Join the board, volunteers, foster families and friends of FosterCat on Saturday, September 10, 2011  from 4:00 p.m. to 7:00 p.m. at Wallace Memorial Presbyterian Church in Green Tree.

The menu includes spaghetti with a choice of either meat or meatless sauce, salad, rolls, beverage and dessert. Takeout orders will be available.

Helping to raise more funds in addition to the meal prices, Chinese auction items including restaurant and other gift certificates donated by local businesses will be on display, and you can also buy tickets for the 50/50 raffle. Cat toys and other items will be offered for sale at the event.

Tickets are $9 for adults and $4 for children ages 12 and under.

I’ll be donating a few things—on copy of Great Rescues Calendar and Gift Book a framed print of one of Peaches and Peonies, and perhaps set of crocheted pawprints or a basket of notecards as well.

The Carnegie Arts & Heritage Festival is that weekend, but I will be at the dinner for a while with merchandise for sale.

If you can’t attend but still want to help FosterCat and its network of 25 foster homes, you can always make a donation at their website, www.fostercat.org. Even if you don’t live near Pittsburgh, consider making a donation to this organization that both removes cats in peril from shelters and keeps them out of shelters in the first place, giving them a loving and comfortable foster home until a permanent home can be found.

FosterCat, Inc. is an all-volunteer 501c (3) organization formed in 1999 to provide for the temporary care and also permanent placement of homeless kittens and cats.  Through its network of 25 foster homes, FosterCat has fostered and placed over 1,050 kittens and cats for permanent adoption. There is no paid staff but everyone volunteers their professional talents as well as foster talents, and the only expense outside of direct care for cats is the cost of advertising the organization for potential homes and for foster homes.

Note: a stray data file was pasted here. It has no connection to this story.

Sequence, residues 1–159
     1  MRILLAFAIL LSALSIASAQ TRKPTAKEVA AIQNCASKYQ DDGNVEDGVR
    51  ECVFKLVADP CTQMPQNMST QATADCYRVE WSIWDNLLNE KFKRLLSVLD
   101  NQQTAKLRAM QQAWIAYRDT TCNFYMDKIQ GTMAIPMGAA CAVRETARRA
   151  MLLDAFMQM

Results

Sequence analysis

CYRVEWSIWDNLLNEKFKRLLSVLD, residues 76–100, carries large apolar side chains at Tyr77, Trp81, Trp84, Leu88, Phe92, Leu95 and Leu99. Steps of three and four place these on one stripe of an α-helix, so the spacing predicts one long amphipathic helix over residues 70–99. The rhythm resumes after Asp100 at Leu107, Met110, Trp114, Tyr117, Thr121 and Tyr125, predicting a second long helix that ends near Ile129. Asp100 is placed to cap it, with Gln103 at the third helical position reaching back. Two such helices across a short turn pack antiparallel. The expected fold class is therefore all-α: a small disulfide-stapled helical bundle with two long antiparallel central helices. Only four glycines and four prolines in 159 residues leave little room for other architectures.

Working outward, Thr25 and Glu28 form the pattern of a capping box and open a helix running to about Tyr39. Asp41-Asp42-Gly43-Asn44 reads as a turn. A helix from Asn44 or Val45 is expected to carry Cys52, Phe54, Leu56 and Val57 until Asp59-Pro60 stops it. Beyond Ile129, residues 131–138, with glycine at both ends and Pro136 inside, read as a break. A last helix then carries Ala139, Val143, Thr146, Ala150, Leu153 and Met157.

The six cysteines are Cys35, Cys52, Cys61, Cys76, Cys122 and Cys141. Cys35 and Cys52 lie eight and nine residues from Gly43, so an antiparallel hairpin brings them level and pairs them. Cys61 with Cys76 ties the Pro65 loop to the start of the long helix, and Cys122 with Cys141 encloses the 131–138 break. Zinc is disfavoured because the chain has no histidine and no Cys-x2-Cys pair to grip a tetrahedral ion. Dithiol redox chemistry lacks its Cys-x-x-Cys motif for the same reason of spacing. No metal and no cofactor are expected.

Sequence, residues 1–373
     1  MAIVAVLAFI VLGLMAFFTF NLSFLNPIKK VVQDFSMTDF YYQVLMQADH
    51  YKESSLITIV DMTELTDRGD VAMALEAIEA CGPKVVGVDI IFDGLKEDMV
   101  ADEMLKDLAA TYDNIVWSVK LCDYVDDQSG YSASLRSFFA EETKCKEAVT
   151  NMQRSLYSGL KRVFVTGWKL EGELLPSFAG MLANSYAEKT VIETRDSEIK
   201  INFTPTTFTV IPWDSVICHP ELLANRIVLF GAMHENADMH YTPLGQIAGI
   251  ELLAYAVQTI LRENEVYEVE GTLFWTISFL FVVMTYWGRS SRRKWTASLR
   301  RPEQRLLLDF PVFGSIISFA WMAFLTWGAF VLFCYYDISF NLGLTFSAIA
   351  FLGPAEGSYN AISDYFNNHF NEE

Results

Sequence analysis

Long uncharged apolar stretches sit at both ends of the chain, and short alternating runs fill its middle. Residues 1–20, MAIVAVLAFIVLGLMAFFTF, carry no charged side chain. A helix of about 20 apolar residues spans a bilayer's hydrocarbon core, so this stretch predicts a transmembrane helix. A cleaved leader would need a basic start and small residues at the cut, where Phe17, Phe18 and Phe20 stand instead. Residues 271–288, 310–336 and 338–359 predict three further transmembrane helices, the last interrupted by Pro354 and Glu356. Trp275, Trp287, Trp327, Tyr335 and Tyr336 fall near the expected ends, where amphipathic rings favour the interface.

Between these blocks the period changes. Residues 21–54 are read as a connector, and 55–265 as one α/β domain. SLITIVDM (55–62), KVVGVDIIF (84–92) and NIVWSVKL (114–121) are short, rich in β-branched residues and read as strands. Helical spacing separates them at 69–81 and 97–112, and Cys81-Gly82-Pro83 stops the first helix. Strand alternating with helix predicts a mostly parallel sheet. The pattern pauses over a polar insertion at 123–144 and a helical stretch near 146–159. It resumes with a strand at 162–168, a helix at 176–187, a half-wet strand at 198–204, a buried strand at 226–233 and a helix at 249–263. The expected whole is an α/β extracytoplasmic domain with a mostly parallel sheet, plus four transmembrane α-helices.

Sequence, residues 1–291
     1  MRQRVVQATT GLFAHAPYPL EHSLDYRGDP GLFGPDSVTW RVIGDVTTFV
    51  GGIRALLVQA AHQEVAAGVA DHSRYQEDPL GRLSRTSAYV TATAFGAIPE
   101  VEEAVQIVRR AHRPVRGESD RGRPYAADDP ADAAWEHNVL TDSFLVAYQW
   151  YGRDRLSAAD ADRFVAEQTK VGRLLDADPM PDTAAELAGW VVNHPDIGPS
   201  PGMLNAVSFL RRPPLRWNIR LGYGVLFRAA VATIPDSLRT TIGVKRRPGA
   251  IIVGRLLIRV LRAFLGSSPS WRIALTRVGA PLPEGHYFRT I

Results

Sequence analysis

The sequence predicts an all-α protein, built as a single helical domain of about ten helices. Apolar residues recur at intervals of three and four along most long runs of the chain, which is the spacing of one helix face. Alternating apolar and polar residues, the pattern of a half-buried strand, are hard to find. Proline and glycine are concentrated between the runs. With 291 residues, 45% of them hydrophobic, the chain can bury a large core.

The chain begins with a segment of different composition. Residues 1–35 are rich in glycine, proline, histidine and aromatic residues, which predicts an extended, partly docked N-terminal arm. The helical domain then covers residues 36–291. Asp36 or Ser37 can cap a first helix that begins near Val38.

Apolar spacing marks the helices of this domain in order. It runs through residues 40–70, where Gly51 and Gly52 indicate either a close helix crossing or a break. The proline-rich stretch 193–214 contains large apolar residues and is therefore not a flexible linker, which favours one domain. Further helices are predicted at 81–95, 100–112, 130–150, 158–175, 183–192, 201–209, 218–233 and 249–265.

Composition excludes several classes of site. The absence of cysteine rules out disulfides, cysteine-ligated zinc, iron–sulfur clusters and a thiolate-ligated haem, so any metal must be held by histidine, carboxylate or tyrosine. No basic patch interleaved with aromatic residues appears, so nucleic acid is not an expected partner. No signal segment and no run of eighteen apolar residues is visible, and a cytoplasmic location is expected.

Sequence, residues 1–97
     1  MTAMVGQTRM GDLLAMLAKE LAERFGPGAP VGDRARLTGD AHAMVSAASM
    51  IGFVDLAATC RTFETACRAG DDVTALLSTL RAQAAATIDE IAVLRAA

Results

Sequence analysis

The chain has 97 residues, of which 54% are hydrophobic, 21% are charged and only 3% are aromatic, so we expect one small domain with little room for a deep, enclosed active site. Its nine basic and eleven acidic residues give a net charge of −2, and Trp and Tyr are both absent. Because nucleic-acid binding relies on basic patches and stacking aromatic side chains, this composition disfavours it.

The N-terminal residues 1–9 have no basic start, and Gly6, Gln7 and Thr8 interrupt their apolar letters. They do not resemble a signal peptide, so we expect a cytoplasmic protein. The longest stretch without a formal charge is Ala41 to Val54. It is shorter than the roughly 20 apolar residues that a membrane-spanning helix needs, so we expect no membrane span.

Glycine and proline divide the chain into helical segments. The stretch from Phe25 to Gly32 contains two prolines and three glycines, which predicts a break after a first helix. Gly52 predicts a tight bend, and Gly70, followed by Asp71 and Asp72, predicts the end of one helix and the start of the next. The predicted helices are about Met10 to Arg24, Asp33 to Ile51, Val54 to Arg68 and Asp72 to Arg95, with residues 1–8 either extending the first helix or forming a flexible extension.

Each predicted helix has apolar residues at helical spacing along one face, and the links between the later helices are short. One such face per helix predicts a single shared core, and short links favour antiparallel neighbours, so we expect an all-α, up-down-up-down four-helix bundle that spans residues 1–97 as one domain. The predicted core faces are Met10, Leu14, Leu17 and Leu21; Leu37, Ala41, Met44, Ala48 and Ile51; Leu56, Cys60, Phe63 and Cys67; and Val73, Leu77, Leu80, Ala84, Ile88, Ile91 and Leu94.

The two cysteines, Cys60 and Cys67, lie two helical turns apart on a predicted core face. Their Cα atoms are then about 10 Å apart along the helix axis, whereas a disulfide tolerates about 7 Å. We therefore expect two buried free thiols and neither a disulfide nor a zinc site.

pastel painting of a cat on a table with peonies

Peaches and Peonies, pastel © B.E. Kazmarski

They were the recipient of the online auction of the print of “Peaches and Peonies” in honor of Peaches’ 100th birthday, and I regularly feature cats they have in foster in June for Adopt-a-Cat Month.

Wallace Memorial Presbyterian Church is located at 1000 Green Tree Road, Pittsburgh.

For tickets, visit www.fostercat.org to purchase on line or call Carolyn Kozlowski at 412-531-4776.


FosterCat Annual Spaghetti Dinner

FosterCat spaghetti dinner flyer

FosterCat Annual Spaghetti Dinner Flyer

It’s time for the big FosterCat fundraiser—the annual Spaghetti Dinner!

Join the board, volunteers, foster families and friends of FosterCat on Saturday, September 11, 2010, from 4:00 p.m. to 7:00 p.m. at Wallace Memorial Presbyterian Church in Green Tree.

I’ll be at the Carnegie Arts & Heritage Festival that day, but I’ll be donating a few things—always a framed print of one of my cat paintings, and I’ll add a set of crocheted pawprints as well.

The menu includes spaghetti with a choice of either meat or meatless sauce, salad, rolls, beverage and dessert. Takeout orders will be available.

Tickets are $9 for adults and $4 for children ages 12 and under.

Helping to raise more funds in addition to the meal prices, Chinese auction items including restaurant and other gift certificates donated by local businesses will be on display, and you can also buy tickets for the 50/50 raffle. Cat toys and other items will be offered for sale at the event.

fostercat logo

FosterCat Inc.